First, you don’t have to be like the unbelieving world that hates the Law of God and cannot stand to be told that it’s wrong. The world must try to justify itself because it does not know the righteousness of Christ. Therefore the world won’t call anything a sin but tries to make wrong right and black white and yet the wicked one only ends up more wicked still. However, since you know Jesus Christ by faith, who is a rich benefactor to us debtors, you don’t have to be afraid to hear that you have a debt. Since Christ always and freely offers the forgiveness of sins, it’s not the end of the world to hear that you have sinned. Sin is serious, and the blood of our Lord is not license to sin, yet why did Christ shed his blood if not to give us comfort when we come to a knowledge of our sins? Therefore, because of the sacrifice of Christ, you can sing with the psalmist, “Lead me in the path of your commandments, for I delight in it” (Ps. 119:35), “Oh how I love your law! It is my meditation all the day” (Ps. 119:97). The Law of God will instruct the new man and curb the old man, and convict of sin. Yet clothed in the righteousness of Christ and protected with the armor of his innocence we need not fear conviction by the Law, but can see the Law as the good gift that God intended it to be.
Second, when we reflect on the severity of Christ’s suffering and the greatness of his obedience, we receive the comfort that no sin is left unforgiven. What transgression could possibly be greater than the blood of Christ, which he shed not only from the stripes of the lashes and the holes of the nails and spear, but from every pore in his body, so deeply was he committed to your salvation? If the Lamb of God has taken away the sin of the world, then he has taken away every sin from every individual. Thus when the devil torments your conscience and holds up a single sin and tries telling you that this one sin is the deal breaker and now you’re doomed to hell, you can laugh in joy and say, “What is that to the blood of Jesus?” Certainly, there’s no such thing as a light sin, meaning a sin that doesn’t require the death of God himself to atone for it. But now Christ has atoned for sin and every sin is light to him. Thus we can sing, “Now hell, it’s prince the devil, / Of all their pow’r are shorn; / Now I am safe from evil, / And sin I laugh to scorn” (LSB 467:4).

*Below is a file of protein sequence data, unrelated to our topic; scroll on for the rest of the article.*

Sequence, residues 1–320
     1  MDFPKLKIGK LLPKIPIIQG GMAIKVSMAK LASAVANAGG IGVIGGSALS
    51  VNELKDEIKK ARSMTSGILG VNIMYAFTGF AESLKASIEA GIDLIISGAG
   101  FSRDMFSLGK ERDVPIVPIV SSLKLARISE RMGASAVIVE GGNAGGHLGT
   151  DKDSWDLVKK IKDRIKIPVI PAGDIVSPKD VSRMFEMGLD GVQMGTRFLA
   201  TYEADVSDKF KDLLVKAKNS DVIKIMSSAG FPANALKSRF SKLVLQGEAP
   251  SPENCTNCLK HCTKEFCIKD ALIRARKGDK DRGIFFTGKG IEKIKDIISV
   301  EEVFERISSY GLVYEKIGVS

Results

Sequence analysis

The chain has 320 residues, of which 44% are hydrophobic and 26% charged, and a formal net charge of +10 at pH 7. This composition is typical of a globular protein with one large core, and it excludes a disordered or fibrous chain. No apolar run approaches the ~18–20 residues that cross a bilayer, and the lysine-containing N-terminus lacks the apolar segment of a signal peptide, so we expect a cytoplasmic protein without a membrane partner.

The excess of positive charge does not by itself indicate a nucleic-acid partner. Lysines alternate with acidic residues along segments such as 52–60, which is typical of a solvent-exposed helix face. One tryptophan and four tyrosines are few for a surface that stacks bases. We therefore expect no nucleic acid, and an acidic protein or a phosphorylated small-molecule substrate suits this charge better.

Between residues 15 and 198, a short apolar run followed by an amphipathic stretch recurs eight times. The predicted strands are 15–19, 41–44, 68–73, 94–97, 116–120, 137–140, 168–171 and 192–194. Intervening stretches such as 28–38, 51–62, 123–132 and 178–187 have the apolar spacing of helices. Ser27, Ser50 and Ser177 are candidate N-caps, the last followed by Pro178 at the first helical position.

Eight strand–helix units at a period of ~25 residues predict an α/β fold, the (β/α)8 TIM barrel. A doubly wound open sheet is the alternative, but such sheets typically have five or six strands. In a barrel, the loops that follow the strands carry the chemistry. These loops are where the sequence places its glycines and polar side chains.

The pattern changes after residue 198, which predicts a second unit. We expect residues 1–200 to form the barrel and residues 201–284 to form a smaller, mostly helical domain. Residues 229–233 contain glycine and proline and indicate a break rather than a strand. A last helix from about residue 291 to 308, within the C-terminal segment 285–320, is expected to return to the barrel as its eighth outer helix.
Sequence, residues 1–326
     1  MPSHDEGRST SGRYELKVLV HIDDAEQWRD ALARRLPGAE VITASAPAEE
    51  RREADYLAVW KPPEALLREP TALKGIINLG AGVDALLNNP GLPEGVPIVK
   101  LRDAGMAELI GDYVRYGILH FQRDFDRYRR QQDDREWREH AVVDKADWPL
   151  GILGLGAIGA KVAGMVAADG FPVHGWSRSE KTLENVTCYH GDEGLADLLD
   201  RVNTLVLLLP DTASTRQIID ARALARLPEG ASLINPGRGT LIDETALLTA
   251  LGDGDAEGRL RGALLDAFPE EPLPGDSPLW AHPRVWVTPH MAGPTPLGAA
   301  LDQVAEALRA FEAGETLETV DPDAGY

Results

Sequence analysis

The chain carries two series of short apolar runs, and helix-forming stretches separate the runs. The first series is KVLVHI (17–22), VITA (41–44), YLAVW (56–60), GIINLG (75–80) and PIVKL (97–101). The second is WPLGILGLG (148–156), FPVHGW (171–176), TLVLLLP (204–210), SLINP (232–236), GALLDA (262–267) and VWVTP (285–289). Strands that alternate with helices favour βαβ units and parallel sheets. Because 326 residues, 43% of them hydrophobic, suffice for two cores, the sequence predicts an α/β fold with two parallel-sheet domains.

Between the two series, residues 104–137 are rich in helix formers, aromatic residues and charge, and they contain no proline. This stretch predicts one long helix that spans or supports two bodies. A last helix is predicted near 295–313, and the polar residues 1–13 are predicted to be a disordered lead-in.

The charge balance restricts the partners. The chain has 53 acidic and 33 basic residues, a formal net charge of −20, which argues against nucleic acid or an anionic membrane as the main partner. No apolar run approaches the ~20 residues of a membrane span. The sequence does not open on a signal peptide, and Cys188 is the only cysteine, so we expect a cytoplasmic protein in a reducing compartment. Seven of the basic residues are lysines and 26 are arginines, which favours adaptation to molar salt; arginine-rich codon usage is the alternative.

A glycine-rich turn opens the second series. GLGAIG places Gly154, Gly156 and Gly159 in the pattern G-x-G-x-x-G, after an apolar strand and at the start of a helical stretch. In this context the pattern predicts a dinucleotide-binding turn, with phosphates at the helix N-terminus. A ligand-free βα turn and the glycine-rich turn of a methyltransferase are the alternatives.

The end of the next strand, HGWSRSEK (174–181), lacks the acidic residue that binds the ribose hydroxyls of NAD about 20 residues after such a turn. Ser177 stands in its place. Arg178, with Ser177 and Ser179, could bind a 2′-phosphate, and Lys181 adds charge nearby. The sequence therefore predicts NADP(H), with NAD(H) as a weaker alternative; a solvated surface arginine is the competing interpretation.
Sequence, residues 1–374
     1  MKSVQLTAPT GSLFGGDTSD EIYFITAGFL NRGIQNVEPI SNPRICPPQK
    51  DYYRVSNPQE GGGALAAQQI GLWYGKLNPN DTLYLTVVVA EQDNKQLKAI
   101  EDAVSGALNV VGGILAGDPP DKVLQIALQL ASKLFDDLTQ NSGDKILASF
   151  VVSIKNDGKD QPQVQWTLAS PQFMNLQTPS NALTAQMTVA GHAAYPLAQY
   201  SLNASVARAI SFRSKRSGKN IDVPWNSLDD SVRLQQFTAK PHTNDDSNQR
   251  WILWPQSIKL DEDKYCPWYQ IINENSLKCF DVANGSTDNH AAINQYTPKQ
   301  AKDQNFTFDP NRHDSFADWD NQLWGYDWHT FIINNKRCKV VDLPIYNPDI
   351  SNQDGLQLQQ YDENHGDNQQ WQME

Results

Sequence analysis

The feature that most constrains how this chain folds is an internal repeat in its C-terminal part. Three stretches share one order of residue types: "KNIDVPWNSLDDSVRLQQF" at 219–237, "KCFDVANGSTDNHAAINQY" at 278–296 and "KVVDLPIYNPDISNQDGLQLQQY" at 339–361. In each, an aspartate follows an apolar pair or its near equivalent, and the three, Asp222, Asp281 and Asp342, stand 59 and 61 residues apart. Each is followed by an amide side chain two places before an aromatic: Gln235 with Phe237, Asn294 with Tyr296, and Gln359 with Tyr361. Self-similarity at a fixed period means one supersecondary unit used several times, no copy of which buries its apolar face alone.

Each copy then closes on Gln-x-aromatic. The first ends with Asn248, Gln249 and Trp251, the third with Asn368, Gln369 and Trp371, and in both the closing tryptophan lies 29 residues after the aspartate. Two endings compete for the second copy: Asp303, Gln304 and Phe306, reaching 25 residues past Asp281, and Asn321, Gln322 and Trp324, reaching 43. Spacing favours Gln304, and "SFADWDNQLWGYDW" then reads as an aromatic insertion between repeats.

“Wrath has gone forth,” and the latter days have come, and we do understand it clearly. We understand that Christ has borne the wrath of God for our sake, and in him, we are no longer wicked, but righteous. Praise be to the Father who offered his Son for our salvation. Praise be to the Son who willingly suffered for our sins. Praise be to the Holy Spirit who has given us faith in Christ, laid him in the cavern of our hearts, rolled the stone into place, and sealed it with Holy Baptism. Amen.
(I drew much inspiration for this sermon from the “Lutheran Prayer Companion,” particularly the meditations on the sufferings of Christ on pages 190-194)